Increasing the fear of an unravelling of the exercise of invoices-matching, which is crucial to realising the presumed merits of the goods and services tax (GST), like reduction of tax evasion and cascades, three-fourths of the 60 lakh eligible taxpayers haven’t completed the formalities of filing both the inward and outward supplies-based returns for July till a day before the October 31 deadline. This has forced the government to give another window till November-end “to facilitate about 30.81 lakh taxpayers” to file details of inward supplies (GSTR-2). The triplicate comprehensive returns for July, the first month since GST’s launch, were originally required to be filed in the subsequent month itself, but due to the GST Network’s technical glitches and low levels of compliance, the deadlines have been extended multiple times. The schedule for filing these returns for August onwards has not even been announced yet, as this was to follow from the July-cycle learning. While invoice-matching is getting unduly delayed, piling up a huge job for the taxmen, the consequent blockage of input tax credits is bound to hit the working capital for large sections of the industry.
Since the launch of GST, small and medium enterprises have faced cash crunch, while exporters have got the refunds of July and August taxes only recently. Of course, the government has allowed industries with turnover up to Rs 1.5 crore to file the detailed returns on a quarterly basis while assuring them of prompt release of input tax credits claimed via monthly interim returns, but the deferment of invoices-matching would mean large-scale adjustments of the tax and ITC figures later. The government has faced much criticism for the imperfections of the GST it launched (multiple rates, high peak rates, exclusion of real estate and five petro- leum products etc). Also, since the GST was introduced, it has had to make more compromises that besmirched the new tax further. While dozens of items saw rate changes post-July, the GST Council, on October 6, accorded virtual tax waiver for exporters till March 31, 2018, despite exemptions running contrary to the GST’s basic tenet.
Besides, units with up to Rs 1.5 crore turnover were allowed to file quarterly instead of monthly returns, a move that would allow 90% of the non-composition GST registrants to shift to the easier system of filing returns every quarter, but could make prompt invoices-matching difficult. As reported by FE on Monday, the council may allow all taxpayers to move to quarterly mode of filing returns as it meets at Guwahati on November 10. The composition scheme — that allows businesses to pay taxes as a small percentage of turnover annually — is set to be made available to units with turnover up to Rs 1.5 crore, in what could effectively exclude 90% of the taxpayers from being part of the multi-point destination-based tax chain.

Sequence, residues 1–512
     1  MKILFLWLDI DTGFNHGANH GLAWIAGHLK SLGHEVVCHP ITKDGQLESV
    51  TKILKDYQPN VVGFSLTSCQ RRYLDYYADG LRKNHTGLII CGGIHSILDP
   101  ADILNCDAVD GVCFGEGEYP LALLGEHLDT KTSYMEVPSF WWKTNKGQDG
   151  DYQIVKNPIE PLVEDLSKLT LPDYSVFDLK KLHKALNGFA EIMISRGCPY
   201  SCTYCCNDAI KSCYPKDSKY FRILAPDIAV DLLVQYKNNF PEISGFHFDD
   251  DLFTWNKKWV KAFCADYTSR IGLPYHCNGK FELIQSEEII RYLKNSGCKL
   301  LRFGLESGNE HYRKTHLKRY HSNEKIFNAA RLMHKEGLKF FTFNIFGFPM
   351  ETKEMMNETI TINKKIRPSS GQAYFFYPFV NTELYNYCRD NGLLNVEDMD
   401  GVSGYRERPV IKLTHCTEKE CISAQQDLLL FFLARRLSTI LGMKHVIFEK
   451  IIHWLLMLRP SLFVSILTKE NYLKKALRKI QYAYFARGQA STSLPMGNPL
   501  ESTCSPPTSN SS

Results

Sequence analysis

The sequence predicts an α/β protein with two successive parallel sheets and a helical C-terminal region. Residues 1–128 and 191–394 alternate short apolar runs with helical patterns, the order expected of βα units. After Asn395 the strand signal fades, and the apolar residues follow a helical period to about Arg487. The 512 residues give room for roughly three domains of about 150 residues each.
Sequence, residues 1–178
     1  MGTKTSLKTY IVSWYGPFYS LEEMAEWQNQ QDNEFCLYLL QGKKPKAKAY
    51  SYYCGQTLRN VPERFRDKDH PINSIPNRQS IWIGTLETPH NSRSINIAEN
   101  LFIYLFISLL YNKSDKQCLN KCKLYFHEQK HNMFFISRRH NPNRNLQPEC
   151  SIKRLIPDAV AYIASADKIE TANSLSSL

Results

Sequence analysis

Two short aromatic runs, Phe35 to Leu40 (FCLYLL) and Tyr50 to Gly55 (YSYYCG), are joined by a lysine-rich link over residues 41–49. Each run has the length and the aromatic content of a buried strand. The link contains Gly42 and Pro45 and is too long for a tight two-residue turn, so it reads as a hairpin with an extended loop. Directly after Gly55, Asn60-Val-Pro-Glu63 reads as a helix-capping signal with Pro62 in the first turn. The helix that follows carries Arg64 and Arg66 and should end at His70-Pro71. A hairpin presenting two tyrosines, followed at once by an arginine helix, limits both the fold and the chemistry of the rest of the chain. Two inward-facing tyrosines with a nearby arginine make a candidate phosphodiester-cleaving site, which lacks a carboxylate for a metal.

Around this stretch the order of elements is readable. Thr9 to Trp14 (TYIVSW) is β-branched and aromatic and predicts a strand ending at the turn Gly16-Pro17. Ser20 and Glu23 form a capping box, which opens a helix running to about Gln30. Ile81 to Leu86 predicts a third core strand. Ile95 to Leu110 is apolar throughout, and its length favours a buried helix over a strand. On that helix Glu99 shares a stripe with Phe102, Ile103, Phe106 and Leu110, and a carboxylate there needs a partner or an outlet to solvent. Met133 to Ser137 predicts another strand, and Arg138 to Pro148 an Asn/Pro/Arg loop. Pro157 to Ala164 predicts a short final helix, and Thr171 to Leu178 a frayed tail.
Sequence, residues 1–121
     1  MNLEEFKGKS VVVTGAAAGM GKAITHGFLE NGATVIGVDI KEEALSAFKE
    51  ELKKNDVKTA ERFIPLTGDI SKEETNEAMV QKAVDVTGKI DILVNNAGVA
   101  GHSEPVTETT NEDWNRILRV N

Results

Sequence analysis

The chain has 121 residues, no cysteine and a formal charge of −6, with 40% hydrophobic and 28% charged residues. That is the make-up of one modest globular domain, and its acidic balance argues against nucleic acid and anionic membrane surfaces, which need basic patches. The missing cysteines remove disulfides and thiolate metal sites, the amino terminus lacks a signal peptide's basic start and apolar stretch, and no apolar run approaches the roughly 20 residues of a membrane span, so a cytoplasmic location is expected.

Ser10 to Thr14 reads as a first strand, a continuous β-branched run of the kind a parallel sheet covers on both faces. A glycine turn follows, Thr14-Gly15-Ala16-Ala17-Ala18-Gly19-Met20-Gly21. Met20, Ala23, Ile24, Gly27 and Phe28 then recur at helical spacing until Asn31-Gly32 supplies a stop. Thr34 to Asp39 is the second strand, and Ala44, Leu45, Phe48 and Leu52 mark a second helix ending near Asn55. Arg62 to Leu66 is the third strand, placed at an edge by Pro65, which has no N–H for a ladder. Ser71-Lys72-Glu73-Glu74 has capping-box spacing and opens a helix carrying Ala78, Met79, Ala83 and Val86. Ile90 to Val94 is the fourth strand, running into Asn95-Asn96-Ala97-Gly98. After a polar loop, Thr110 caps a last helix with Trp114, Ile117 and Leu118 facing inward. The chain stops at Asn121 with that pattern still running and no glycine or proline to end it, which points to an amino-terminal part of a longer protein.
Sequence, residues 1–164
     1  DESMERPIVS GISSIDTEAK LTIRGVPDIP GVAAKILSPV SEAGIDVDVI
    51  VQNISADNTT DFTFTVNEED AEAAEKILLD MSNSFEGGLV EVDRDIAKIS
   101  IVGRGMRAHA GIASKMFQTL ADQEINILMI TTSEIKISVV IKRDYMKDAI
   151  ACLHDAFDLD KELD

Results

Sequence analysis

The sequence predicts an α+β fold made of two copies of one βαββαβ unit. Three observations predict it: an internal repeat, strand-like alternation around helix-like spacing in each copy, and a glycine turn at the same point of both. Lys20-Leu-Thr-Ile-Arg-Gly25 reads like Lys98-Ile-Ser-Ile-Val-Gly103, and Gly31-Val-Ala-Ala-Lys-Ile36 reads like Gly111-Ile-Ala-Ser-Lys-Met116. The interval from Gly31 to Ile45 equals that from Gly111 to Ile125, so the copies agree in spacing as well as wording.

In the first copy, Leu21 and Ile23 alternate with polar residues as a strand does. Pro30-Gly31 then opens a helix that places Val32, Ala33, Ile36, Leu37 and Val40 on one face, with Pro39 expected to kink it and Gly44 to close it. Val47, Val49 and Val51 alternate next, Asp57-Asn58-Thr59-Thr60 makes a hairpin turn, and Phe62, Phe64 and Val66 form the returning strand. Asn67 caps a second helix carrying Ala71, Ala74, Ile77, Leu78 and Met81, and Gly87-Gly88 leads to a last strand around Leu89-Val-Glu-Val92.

GST Network, which is the IT backbone of GST, estimates that about 80 crore invoices would be uploaded on to the system every month. A tax official said that even if 2-3 crore of the invoices don’t match, it will lead to numerous disputes, which would be arduous to resolve. “Besides, tax evasion takes place when transactions are off-book which will never be captured through invoices. The government needs precise and visible enforcement to minimise tax evasion,” the official said. To begin with, GST Council should have implemented matching at the GST level where sale and purchase are matched on the basis of the unique GST registration number of each taxpayer. Invoice matching should ideally have been brought in a few months later after the system stabilised. Now that some taxpayers are allowed to file returns only quarterly, the matching should also be harmonised with it and not be carried out every month.
These steps alone will make the process smoother,” Rahul Renavikar, managing director of Acuris Advisors said. Aditya Singhania, of Taxmann, said: “The matching concept is a much appreciated step for allowing input tax credit which is regulated by the GSTR 1, 2 and 3 mechanism. But with the brilliant concept, the IT platform of GST i.e. www.gst.gov.in should equally work in same wavelength for achieving the objective. Due to certain bugs and frictions, coupled with totally new forms of returns, taxpayers were unable to file the (returns) on time.” While industrialised states like Maharashtra, Gujarat and Karnataka among others had invoice-matching systems prior to GST, although these were not granular-level matching. A Maharashtra tax official, who requested anonymity, said that matching at the level of VAT number –much simpler than invoice-level matching – had enabled identification of 80% mismatches, which enabled the tax department to take action against hawala operations.
However, some tax officials have doubted the efficacy of invoice-matching, saying this wasn’t much of a success in any country with GST-type tax. “The first two month would pose immense challenges on how to deal with invoice mismatches and the provision may eventually have to be done away with,” a revenue department officials told FE on the condition of anonymity. The tax department is also worried that about 40% of taxpayers who filed the returns for July have claimed nil-tax liability. “It is indeed a large number. If enforcement is required, we will carry it out, though not in the nature of search and seizure. We may opt for discreet inquiries and meetings with such groups of taxpayers, to find out the reasons for the trend,” revenue secretary Hasmukh Adhia had told FE earlier.